Monday, February 18, 2013

The Perfect Storm

Krakauer’s Into Thin Air present’s a rather unique take (and quite a different style read) on our traditional “adventure narrative”. A talented writer, Krakauer blends a riveting account of the events of his Everest expedition with relevant, informative anecdotes. Although we have yet to read the bulk of our texts for the course, Into Thin Air is definitely my favorite thus far. I was extremely impressed by the way Krakauer often utilized humor and sarcasm to lighten the mood of his otherwise serious narrative.

While I certainly feel immense sympathy for the climbers, both living and dead, on Krakauer’s expedition, I am fairly shocked by the number of seemingly neglectful mistakes made by clients and guides alike. Rob Hall’s blatant disregard of his 2:00 pm turnaround time, for example, left me confused and slightly angered. Had all climbers actually turned around at this predetermined time, a number of lives may have been saved. I understand how the complexities of Hall’s relationship with Doug Hansen—convincing him to make another stab at Everest after his first failed attempt—undoubtedly put a great deal of pressure on Hall to bring Hansen to the summit. In the end, this unrestrained ambition unfortunately cost both climbers their lives.

Krakauer’s analysis of the combination of factors that contributed to the expedition’s demise offers a number of interesting insights. The rivalry between Hall’s and Fisher’s expeditions, for instance, imposed additional pressure on each guide to bring the maximum number of clients to the summit. I find it extremely sad and unfortunate that this pressure came, in part, from a business perspective and each guide’s desire for more fame, clients, and in the end, money. Treating Everest as a business enterprise undoubtedly jeopardizes the lives of all climbers involved. Had Adventure Consultants and Mountain Madness expeditions not been climbing at the same time, maybe Hall and Fisher would have obeyed their turnaround times in the face of less pressure. In the end, I contribute the disaster more to the uncontrollable forces of the mountain than to the guides’ and climbers’ ignorance. Both factors—climbers’ mistakes and uncooperative weather—combined to create the perfect, deadly, storm.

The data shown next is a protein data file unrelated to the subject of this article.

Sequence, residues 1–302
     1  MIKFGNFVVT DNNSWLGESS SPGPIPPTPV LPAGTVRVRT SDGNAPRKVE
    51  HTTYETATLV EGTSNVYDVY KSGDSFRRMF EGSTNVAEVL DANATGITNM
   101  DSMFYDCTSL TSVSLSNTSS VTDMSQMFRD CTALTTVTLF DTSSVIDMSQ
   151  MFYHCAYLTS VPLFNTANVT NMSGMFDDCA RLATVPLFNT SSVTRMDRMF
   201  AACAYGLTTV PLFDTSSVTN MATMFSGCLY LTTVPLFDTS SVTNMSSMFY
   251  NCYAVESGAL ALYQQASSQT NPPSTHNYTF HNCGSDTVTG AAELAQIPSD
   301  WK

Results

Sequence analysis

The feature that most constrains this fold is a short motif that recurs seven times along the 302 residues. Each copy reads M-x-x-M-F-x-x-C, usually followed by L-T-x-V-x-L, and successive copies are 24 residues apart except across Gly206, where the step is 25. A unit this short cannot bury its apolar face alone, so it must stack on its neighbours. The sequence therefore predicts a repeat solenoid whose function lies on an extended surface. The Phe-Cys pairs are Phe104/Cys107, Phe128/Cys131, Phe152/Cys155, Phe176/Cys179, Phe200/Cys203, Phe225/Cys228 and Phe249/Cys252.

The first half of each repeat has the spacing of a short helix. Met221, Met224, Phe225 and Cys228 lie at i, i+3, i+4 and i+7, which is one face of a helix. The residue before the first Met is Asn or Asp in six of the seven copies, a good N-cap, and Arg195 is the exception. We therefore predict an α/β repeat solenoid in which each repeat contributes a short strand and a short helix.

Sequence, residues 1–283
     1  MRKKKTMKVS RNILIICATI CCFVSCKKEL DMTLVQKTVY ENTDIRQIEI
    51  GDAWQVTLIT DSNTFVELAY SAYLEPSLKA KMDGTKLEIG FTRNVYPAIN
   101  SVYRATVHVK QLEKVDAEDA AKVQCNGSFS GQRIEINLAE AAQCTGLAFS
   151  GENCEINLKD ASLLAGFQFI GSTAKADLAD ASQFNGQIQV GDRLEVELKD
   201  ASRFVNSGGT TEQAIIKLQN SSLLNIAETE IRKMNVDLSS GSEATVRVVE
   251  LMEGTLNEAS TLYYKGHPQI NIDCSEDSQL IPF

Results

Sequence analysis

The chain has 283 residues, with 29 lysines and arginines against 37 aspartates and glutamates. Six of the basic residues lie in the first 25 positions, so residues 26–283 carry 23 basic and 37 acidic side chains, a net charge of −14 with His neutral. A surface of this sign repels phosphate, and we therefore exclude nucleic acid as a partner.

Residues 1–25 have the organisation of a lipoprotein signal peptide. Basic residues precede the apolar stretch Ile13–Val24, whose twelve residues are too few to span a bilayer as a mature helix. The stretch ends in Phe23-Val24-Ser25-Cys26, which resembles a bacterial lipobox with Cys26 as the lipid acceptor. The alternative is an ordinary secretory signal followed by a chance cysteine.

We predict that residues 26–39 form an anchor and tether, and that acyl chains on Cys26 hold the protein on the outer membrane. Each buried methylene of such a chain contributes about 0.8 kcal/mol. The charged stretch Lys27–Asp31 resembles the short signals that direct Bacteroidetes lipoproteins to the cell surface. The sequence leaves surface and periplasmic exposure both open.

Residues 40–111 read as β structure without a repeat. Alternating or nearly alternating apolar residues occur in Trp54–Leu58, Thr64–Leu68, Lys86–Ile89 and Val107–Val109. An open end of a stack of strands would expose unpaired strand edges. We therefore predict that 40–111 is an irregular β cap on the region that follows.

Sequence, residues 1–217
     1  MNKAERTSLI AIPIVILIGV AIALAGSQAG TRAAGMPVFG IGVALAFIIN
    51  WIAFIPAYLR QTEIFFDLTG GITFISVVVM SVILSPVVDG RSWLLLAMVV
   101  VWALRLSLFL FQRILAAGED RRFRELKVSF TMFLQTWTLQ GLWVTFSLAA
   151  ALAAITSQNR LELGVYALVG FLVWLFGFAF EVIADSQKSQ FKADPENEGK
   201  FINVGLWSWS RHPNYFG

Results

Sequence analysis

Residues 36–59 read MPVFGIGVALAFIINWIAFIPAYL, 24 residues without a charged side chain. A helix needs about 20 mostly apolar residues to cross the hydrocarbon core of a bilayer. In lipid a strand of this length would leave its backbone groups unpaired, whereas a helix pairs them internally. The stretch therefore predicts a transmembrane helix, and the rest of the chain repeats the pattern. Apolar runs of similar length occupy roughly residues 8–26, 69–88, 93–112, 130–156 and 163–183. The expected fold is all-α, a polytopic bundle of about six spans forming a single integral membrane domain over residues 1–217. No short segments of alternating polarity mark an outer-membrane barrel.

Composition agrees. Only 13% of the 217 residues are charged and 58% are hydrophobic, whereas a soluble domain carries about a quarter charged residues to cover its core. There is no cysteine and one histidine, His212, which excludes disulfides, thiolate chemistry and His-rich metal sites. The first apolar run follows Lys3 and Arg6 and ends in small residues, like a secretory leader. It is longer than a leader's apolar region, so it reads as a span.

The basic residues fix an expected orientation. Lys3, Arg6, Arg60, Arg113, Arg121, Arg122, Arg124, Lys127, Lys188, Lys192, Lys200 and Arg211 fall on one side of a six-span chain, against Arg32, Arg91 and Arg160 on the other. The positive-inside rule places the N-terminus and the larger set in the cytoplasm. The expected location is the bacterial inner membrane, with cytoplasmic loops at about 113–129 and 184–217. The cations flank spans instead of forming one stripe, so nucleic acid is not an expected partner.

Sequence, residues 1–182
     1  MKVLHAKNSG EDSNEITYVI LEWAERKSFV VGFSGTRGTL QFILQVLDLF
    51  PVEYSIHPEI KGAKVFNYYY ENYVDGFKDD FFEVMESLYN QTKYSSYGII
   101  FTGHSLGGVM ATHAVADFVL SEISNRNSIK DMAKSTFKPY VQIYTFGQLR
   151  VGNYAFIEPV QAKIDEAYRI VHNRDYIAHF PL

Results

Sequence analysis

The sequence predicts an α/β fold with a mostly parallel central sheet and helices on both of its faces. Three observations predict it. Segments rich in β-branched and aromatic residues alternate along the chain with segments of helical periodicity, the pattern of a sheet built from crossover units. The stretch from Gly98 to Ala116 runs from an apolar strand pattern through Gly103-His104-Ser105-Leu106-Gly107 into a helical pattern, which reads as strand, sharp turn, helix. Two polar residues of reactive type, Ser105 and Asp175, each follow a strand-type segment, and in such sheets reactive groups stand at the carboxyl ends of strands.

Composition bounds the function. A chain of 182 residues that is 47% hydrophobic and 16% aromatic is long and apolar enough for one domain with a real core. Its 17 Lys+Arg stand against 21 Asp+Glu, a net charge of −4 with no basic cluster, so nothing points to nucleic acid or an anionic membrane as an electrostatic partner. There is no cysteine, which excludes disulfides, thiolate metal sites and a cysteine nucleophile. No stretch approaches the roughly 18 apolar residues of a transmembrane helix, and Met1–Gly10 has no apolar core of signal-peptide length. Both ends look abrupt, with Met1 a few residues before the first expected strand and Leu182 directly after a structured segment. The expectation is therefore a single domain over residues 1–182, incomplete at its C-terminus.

1 comment:

  1. I tend to agree with you on the business perspective point. I roundly oppose making Everest a tourist attraction and a business enterprise. I understand a climber's need for money, but the fact of the matter is that many of the clients were unprepared physically and mentally for the mountain. Climbers aspiring to Everest ought to be truly qualified in terms of experience, and I think this involves a lifetime of climbing in a variety of situations. Paying someone to haul you to a summit just so you can say you've done it jeopardizes all lives involved unnecessarily. It's a classic lesson in "you can't buy everything." You want Everest? Work for it. Also the fact that China and Nepal are in charge of choosing who climbs the mountain despite the countries' less-than-competence to do so and their inclination to achieve a net gain is ridiculous.